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Apple Likely Waiting on Tax Holiday

February 17, 2011 · 7 comments

Original iPhone 3 functions

Earlier this week, I posted about a potential tax holiday for multinational companies; the holiday would allow them to repatriate funds currently being held offshore at a lower tax rate. The idea, which has been bandied about by Rep. Eric Cantor (R-VA) and Sen. Orrin Hatch (R-UT) – but not endorsed by Treasury Secretary Geithner – has mostly been whispered around in tax circles. Now, it seems, that names are starting to drop.

Top of the name dropping list? One of the most profitable companies in the world right now: Apple.

It’s been no secret that Apple, like Microsoft, Pfizer and other hot companies, have been shopping around for tax venues. Those companies, in particular, have settled in at various garden spots around the world that offer attractive tax structures like Ireland. However, with fortunes and political climates changing, maybe – just maybe – companies are thinking about heading back to the U.S. (Can I add just one more “maybe” for good measure?)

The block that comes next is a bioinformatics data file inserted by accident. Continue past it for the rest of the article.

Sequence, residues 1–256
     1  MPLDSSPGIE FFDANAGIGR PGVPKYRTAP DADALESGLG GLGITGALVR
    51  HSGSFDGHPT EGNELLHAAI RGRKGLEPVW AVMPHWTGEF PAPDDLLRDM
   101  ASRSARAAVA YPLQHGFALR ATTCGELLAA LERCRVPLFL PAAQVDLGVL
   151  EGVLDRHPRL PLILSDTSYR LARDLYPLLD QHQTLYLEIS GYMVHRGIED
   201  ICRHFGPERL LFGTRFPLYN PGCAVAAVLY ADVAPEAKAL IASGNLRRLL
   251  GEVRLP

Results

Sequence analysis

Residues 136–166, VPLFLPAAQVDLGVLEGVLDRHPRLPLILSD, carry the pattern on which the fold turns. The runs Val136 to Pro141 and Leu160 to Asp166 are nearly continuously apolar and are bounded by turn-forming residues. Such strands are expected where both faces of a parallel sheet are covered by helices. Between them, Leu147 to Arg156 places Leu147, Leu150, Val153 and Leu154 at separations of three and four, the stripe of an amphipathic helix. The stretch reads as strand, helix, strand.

But there are definitely some caveats. The big one? Clearly, they don’t want to pay the tax to do it.

That’s why ears pricked in fall 2010 when Apple CEO Steve Jobs noted that the company was holding onto cash waiting for “one or more unique strategic opportunities.” Hmm.

Apple is merely one of a handful of companies said to be making a play for the tax holiday. The usual suspects, mostly tech and pharma companies, are also reportedly poking around DC to see if they can up their chances.

Of course, there’s poking and then there’s poking. Apple recently signed on the lobbying firm of Fierce, Isakowitz and Blalock of Washington, DC. Rumors abound that the company hopes to get cozy with new GOP leadership in the Congress that might be more friendly to their financial and privacy concerns; it’s an interesting position for a company that has, to date, been careful about its political alignments.

The move also raises a few questions about the direction of any so-called corporate tax reform. To date, most of the talk about reform has focused on the need to fix loopholes and recover lost revenue – clearly, companies have different ideas. My guess is that we’re about to find out what those are…

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